My companion was also my guide. She knew the lay of the land. The day came for me to experience what the riding would be like in this corner of the world but on that day she would be busy with other business. So as I adjusted the fit of my borrowed, European style, one-size-fits-all, mountain bike, she scrawled a rough map on the backside of a, partly unused napkin. It was an inauspicious beginning for my first foray into riding on this totally foreign soil. I would be riding in unknown territory, not able to speak any of the local languages, traversing challenging terrain, on an ill-fitting bike, praying that I didn't get my map wet. As I prepped my bike, I realized something that would make matters slightly more complicated. Not only did the bike have schrader valves but, its wheels were bolt-ons. Thus my emergency toolkit was rendered all but useless. I would have to rely upon hope that I wouldn't get a flat. At least I brought my trusty clipless pedals, to take the edge off of the climbs.
I decided to have a positive attitude. Sometimes we perceive a complexity to situations that really isn't there. After all, I was just going for a ride, something I've done thousands of times. I rode out. The ride began with a rousing climb up and out of town. Warmed up almost instantly, barely into the first mile of the ride, the elevation leveled out at the approach to one of the few traffic lights in a town. This was one of a handful of roads large enough to accommodate cars. Several cars sat at the light in spite of the fact that it was telling them to go. They waited for a herd of goats to pass safely through the intersection. I took advantage of this pause to make my way through the light with my fellow wanders. Onward I climbed up and up, over rises that lift out of the view of town into wooded surroundings.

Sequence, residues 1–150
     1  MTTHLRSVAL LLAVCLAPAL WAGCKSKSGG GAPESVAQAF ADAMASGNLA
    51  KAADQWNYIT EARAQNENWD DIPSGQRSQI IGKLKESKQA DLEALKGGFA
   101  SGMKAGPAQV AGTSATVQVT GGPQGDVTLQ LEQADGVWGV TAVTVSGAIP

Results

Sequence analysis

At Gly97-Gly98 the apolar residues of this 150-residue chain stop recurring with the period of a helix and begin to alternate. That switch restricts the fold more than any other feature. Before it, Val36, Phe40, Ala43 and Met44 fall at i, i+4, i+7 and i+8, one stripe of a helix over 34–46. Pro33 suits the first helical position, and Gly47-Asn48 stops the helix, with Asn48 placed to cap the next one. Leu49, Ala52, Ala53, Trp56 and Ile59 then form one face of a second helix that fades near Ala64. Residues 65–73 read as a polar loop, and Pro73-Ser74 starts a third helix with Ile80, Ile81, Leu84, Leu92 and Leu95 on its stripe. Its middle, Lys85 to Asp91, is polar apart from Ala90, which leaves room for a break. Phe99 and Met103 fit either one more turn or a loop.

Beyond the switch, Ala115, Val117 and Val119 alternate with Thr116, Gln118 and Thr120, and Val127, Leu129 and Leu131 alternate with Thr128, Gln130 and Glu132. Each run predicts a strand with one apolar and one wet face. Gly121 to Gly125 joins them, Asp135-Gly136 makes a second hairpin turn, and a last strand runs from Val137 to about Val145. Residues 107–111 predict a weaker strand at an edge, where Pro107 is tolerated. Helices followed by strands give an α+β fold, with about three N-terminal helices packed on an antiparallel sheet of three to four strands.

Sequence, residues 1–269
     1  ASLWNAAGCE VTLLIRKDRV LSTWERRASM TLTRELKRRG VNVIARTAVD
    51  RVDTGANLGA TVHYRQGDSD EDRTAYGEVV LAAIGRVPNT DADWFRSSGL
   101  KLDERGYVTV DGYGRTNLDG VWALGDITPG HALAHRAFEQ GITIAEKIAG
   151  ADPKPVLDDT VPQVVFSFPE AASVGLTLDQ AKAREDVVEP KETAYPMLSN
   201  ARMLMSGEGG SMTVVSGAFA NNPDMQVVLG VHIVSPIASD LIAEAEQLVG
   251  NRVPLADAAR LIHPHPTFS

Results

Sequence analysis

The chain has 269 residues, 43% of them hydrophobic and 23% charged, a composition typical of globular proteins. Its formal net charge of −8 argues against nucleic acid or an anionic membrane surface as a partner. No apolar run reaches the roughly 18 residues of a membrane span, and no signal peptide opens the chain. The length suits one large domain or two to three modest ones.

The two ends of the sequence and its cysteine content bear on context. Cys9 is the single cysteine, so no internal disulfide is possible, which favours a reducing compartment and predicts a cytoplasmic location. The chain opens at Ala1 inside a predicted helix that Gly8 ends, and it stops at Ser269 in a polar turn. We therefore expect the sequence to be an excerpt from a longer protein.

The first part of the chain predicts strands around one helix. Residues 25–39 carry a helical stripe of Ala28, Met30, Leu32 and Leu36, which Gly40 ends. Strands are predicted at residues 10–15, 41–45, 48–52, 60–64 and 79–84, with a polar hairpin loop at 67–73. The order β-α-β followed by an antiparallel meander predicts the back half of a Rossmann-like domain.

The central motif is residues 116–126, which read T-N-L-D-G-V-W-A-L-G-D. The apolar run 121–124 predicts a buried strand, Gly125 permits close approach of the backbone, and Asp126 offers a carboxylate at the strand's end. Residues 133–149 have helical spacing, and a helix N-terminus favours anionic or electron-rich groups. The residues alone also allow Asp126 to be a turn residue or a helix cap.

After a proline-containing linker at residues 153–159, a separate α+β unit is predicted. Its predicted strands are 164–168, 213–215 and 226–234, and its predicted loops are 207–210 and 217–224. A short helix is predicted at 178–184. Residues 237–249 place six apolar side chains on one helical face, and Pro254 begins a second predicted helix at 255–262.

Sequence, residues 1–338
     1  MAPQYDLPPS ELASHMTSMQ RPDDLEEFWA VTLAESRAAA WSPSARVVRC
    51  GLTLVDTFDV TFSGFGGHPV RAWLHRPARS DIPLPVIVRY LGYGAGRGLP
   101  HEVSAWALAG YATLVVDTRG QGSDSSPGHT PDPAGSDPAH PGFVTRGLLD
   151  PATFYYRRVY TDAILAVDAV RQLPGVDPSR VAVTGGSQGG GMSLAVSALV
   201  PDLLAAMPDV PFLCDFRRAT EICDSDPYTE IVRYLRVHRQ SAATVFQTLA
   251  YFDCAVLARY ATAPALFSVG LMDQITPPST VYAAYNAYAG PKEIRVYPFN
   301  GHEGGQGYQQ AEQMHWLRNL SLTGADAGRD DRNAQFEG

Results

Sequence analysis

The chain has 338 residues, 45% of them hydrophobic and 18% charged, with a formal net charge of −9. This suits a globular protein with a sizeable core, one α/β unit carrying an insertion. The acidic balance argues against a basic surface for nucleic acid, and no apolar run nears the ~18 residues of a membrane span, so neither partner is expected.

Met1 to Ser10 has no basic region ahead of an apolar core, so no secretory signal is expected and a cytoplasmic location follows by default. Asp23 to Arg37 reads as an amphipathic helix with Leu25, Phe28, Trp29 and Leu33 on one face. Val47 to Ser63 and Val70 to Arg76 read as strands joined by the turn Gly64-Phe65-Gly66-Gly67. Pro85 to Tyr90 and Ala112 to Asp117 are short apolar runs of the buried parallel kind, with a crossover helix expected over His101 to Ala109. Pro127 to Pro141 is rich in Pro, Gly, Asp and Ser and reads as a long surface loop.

The road twisted up the heights of the island, curving to meet the mountains' steep incline in some drivable fashion, switchbacks carved to soften the 'rise over run' that vehicles would have to face. Any sense of town fell away behind me, single lane road beckoning ahead. I found myself intoxicated by an herbal scented paradise flavored by local wild growing thyme, oregano, curomaktz, and a bouquet of hundreds of other edible treats, all easily found growing along my route. The journey would see me through groves of olives and wild growing palms, agave, lavender, rosemary hedges and bay trees all of which are part of the natural flora. Then, all at once, I came to a clearing, popular amongst tourists for it's remarkable view. I pulled off the road to see the world from the vantage point overlooking an ancient fishing town, rich with history of wars and myriad territorial occupations. What remains is a culture from a different era, a whisper of the past, one foreign to present day Americans. The view is pristine but so much more lies at the base of this mountain than the scenery. I take in the view and then I pedal on.
Along the road I pass hiking paths as transportational as the roads. Their wooden posts carry signage directing foot borne travelers to distant villages, towns and sites. Abruptly the road in front of me rears up. I feel the steep camber digging deeply into my legs. I struggle with the incredibly steep pitch. Cars struggle past me, their petroleum engines almost succombing to the mountain. Perspiration floods from my brow. I taste the concentrated saltiness of my sweat in the corner of my mouth. I strain harder to lurch forward just another pedal stroke. The strain almost becomes too much, the lightning bolts of pain shoot through my legs in an unfamiliar way, especially with the fact that this bike is totally not a good fit for me. I look up to see my progress. I'm only halfway up this one climb, one that initially didn't look all that long. Struggling on, I eventually reached the top only to see a long downhill followed by a climb equally as wicked as the one I have just crested.